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Fernando Refay - 2011 - "The Paradox"

(58:07, ‘FR’)



1.  The Paradox 2:16
2.  The Hour of Justice 6:25
3.  The Wicked 10:40
4.  El Paraiso a Sus Pies 3:43
5.  My-Oh-My 0:44
6.  Welcome to the Show 5:34
7.  Reflection 6:40
8.  She's Like a Green Meadow 2:16
9.  Trespassing 2:52
10. A Frozen Nightmare 10:13
11. Walking on Air 6:38


Fernando Refay – all instruments
David Minian – vocals
Juan Gris – vocals
A few guitar players

Prolusion. Fernando REFAY is a musician and songwriter from Argentina. Made up of eleven tracks, “The Paradox” is his debut solo effort.

Analysis. So, here is Fernando Refay’s brainchild and musical excursion. Apart from the fast electric guitar leads and vocals (which are present on four and eight of the tracks respectively), the man handles everything from soup to nuts: keyboards, rhythm and acoustic guitars, bass and drums, the latter two items programmed, though. On the vocal tracks, he is fairly adept at playing a few different genres of music, ranging from pop rock/AOR (Welcome to the Show and Walking on Air) to quasi-acoustic ballads (El Paraiso a Sus Pies and She's Like a Green Meadow) to Neo Prog (The Hour of Justice, The Wicked and Reflection) and even classic Symphonic Progressive (on the longest track here, the 10-minute A Frozen Nightmare). The Wicked additionally has a Satriani-like approach in places, with plenty of excitement produced by the histrionics, but with few differently vectored soloing parts, while Reflection begins and ends as a straight rocker. Both of the ballads feature passages of acoustic guitar, and all of them are satisfactory, particularly those on El Paraiso a Sus Pies, the first half of which is strongly reminiscent of Fluff from Black Sabbath’s “Sabbath Bloody Sabbath”. Thankfully, the sole song with Spanish lyrics, it is largely instrumental. I have no idea who of the guests is behind the microphone there, but I dislike his singing. Whereas otherwise the vocals, although delivered in accented English, are good and expressive. The keyboard parts are normally both efficient and masterful (the church organ interlude on Reflection being certainly the most impressive feature of this effort), and while most of the synthesizer leads evoke Rick Wakeman’s, the piano ones seem not to bear any influences at all. On the other hand, most of the songs are only made up of 3-4 themes, therefore featuring many returns to a previously played one. And of course, programmed drums just don’t match up against drum heads and steel cymbals and can be obnoxious already after a couple of tracks. The same words are overall relevant regarding the synthy bass. As for the vocal-free pieces, My-Oh-My belongs to electronic music exclusively, and although the title track and Trespassing only begin as e-music pieces, later on taking the shape of symphonic Art-Rock, none of them are impressive either. Generally speaking, everything that was/is terrible about one-man ‘ensembles’ is represented on the instrumentals, as most of the music does sound synthetic, I’d say even plastic in places.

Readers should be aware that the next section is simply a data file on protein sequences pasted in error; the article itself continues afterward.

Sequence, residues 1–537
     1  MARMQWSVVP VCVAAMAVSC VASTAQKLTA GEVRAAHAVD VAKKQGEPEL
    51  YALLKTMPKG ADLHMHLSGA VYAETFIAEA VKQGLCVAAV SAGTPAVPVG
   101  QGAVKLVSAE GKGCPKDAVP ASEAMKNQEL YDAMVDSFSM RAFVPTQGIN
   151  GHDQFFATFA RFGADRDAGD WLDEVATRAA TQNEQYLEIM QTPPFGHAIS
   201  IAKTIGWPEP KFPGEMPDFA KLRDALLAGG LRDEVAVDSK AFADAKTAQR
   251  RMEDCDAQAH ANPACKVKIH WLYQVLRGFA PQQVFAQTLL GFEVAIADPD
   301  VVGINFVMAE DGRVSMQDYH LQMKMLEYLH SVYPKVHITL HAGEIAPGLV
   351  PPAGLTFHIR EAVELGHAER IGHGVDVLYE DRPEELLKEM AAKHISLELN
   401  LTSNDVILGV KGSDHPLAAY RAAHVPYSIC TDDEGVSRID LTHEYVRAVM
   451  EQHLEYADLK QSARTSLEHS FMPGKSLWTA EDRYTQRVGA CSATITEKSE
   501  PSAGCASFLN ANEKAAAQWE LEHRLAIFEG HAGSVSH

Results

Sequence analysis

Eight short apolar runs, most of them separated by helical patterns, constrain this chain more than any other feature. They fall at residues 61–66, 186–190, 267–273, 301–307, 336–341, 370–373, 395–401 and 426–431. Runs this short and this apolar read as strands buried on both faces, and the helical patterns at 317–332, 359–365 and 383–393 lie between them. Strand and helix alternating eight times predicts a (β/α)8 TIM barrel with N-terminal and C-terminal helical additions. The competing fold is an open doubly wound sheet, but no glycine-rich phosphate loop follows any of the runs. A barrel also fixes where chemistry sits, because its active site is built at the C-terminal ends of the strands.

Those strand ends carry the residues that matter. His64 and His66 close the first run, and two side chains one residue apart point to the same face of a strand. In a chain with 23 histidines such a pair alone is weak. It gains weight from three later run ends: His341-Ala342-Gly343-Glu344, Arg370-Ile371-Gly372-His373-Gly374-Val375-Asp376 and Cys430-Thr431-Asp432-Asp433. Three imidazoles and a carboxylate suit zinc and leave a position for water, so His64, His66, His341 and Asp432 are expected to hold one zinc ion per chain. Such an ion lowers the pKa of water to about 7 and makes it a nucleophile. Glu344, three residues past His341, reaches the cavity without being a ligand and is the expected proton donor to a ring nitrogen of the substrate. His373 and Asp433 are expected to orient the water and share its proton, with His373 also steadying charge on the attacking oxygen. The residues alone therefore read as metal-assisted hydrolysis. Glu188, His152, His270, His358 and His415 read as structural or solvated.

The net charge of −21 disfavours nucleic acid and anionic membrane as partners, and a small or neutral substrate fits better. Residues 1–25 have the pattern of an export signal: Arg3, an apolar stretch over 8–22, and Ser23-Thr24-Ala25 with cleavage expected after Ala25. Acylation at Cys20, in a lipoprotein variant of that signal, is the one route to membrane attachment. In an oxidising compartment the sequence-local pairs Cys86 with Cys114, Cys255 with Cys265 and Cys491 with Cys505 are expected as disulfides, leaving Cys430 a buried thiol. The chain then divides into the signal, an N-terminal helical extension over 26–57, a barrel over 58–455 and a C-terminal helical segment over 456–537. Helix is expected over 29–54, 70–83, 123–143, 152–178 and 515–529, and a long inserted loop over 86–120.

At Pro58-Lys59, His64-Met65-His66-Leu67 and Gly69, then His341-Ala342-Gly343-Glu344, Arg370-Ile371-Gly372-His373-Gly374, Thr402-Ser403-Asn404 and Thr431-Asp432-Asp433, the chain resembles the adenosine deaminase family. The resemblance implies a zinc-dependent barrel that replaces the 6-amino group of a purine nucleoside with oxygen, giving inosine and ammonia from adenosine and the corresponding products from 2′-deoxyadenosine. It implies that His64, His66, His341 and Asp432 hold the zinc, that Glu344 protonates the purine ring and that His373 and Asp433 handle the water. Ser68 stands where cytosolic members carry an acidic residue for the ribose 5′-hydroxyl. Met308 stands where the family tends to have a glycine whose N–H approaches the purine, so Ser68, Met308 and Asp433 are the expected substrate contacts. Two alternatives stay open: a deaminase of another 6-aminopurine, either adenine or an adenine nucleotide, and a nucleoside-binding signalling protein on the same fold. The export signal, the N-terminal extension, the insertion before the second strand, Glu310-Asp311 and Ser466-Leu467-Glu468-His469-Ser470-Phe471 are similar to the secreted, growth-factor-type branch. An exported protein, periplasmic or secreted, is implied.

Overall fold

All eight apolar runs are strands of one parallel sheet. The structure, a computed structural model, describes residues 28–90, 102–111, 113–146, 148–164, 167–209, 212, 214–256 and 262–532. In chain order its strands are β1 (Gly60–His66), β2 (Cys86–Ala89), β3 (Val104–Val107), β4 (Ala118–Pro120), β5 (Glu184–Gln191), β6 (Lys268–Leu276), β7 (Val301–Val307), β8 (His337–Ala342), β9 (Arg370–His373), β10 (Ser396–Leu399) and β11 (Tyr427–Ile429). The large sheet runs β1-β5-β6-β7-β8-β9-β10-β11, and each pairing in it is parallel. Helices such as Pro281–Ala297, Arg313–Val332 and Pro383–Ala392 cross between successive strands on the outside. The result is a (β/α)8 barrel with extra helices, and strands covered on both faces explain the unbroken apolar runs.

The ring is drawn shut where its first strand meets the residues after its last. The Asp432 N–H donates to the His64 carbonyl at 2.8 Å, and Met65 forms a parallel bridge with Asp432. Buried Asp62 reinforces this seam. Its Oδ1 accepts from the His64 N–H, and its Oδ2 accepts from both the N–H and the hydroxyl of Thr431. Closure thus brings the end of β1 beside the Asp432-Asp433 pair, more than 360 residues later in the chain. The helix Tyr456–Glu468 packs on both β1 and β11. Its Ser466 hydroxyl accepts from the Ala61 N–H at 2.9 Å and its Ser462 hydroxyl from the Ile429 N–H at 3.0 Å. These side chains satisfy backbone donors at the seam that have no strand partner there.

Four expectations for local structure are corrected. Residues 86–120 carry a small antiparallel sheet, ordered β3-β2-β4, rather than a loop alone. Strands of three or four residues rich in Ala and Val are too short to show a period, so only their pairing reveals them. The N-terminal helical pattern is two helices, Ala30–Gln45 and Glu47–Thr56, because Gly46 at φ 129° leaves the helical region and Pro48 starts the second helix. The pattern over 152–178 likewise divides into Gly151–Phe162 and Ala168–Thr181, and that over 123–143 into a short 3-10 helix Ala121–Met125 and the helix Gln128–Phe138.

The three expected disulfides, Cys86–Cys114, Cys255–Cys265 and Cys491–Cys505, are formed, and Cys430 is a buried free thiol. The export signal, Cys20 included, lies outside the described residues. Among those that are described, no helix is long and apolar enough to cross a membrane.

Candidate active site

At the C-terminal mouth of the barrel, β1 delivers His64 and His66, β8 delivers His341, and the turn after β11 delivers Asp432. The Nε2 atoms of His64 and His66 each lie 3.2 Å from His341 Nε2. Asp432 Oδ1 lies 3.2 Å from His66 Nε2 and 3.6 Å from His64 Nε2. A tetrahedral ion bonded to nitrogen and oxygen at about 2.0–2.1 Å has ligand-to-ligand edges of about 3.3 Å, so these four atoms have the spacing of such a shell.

Conclusion. Due to the presence of vocals, as well as some acoustic instruments, on a series of the tracks, this album is little better than most of those by you know whom, at least occasionally leaving an impression of being a band effort, though it would have definitely much better suited to a full group rendering if it had featured at least a real drummer.

VM=Vitaly Menshikov: April 8, 2012
The Rating Room

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Fernando Refay


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